This approach clearly refutes realist cynicism and shows an emerging consensus that health security rests on universal and equitable health systems upon which sustained implementation of the IHR core capacities depend. A key priority then is to ensure that access to and distribution of core capacities is equitable within and across societies and that the progress of IHR does not inadvertently weaken other aspects of the health system.
In South and East Asia, for example, things have progressed amid a number of competing priorities and political interests. The region sits on key trading routes, has already proven to be a hot spot for novel infectious diseases (Severe Acute Respiratory Syndrome (SARS), Dengue Haemorrhagic Fever, severe complications from Enterovirus and influenza strains such as H5N1 and H7N9), has multiple states in political transition, civil unrest, dormant and active armed conflicts, and has a number of states recovering from armed conflict. There is also sharp diversity of wealth, health coverage and health governance.
Since 2004, in the aftermath of SARS, member States to WHO South-East Asia Regional Office (SEARO) and Western Pacific Regional Office (WPRO) began meeting to develop a collective strategy for addressing emerging infectious disease outbreaks. The resulted Asia Pacific Strategy for Emerging Diseases (APSED) framework was adopted in 2005. APSED aimed to assist member States with the implementation of the revised IHR and to develop a series of implementation goals and shared experiences that would reflect regional concerns and realities outside the confines of the IHR. APSED, in its second phase of implementation in 2010-2015, still works according to the principle of tailoring the IHR core capacity requirements to the priorities and capacities of SEARO and WPRO member States.14 WHO SEARO and WPRO staff, along with the Association of Southeast Asian Nations (ASEA N), have worked together in efforts to share dialogue and highlight progress across the eight IHR capacities. From its inception, the APSED framework has been couched in strong security rhetoric, one that the ASEAN secretariat has readily adopted to promote regional cooperation.15,16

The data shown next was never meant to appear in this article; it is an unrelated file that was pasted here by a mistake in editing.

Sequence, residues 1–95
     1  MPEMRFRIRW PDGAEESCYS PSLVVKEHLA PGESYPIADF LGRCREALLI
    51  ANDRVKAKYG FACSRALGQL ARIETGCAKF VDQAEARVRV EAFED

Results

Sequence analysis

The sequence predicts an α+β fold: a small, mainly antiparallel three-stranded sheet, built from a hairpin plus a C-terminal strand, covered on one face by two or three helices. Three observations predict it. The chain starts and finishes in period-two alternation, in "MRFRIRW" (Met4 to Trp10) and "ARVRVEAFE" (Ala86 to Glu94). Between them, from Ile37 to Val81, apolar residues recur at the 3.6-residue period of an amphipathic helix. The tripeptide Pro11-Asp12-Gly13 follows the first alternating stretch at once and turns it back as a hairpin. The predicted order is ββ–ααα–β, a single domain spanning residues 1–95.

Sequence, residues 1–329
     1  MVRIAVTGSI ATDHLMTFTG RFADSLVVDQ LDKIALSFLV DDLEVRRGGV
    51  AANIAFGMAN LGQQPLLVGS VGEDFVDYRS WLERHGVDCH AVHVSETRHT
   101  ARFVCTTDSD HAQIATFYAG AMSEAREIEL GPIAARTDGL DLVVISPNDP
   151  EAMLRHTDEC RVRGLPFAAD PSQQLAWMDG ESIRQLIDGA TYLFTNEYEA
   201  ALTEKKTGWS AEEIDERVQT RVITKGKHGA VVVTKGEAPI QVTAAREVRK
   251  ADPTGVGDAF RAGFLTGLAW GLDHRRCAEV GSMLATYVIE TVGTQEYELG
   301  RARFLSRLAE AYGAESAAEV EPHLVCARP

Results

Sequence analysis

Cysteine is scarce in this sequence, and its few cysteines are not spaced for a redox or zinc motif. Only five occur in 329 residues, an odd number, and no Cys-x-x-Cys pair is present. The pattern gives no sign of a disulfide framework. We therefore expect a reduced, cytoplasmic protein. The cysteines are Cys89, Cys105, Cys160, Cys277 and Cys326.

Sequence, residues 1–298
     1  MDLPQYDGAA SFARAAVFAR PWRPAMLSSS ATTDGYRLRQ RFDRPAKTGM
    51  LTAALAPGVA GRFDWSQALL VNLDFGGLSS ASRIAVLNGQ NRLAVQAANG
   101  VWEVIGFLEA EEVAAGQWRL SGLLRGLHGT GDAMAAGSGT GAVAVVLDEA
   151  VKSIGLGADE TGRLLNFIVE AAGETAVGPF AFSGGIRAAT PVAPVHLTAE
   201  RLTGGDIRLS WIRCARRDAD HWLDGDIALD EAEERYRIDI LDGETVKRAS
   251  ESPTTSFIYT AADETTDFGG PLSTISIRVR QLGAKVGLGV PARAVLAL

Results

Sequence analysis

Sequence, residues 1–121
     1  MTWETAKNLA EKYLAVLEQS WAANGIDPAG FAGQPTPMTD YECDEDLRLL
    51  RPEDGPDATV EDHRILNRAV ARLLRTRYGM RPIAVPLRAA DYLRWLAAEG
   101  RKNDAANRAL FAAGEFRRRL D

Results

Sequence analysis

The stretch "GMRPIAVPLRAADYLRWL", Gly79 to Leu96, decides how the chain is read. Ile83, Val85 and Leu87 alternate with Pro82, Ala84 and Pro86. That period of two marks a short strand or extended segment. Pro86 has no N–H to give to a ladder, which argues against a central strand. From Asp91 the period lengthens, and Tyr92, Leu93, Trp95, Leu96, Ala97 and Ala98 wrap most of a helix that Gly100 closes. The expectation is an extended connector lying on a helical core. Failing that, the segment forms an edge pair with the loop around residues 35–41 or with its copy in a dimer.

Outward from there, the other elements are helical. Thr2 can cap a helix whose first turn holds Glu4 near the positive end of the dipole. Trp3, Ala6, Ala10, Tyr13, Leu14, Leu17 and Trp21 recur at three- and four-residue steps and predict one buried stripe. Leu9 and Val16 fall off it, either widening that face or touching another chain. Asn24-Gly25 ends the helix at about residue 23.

However, with this ready adoption of a national security lens have come concerns that the overall approach conceals deep structural shortfalls when it comes to IHR compliance in the region. It is sometimes charged that security rhetoric allows the region to appear engaged while doing little to ensure that domestic health and political systems are reformed to meet the commitments made to IHR .17,18 ,19 These programmes rely on self-reporting and hold workshops that engage like-minded health responders, while there is no forum to openly address problems where progress is seriously lagging.20
In responding to these concerns, while it cannot be said that all member States are effectively achieving their core capacity targets, the region has exhibited a willingness to recognize the challenges it faces. Most notably, nearly every SEARO and WPRO member State has reported on progress towards IHR implementation, a rate of reporting significantly above any of the other WHO Regional Offices. When novel outbreaks occur, this emerging shared knowledge of where capacity and capacity gaps exist is a significant advantage, as the region’s rapid and largely effective response to H7N9 demonstrates. Indeed, WPRO and SEARO have made the most progress in narrowing the time difference between outbreak alert and formal confirmation. This is no small achievement.
There are three key concepts about the relationship between pandemics and security. First, associating health policy commitments with security can elevate the level of priority given to an issue and deliver results. While 110 member States will not meet their IHR core capacities by 2014, the majority of these States are working towards an implementation path with the WHO Director-General. Few other areas of global governance can boast similar levels of commitment and compliance; fewer still where core national capacities and structures are concerned.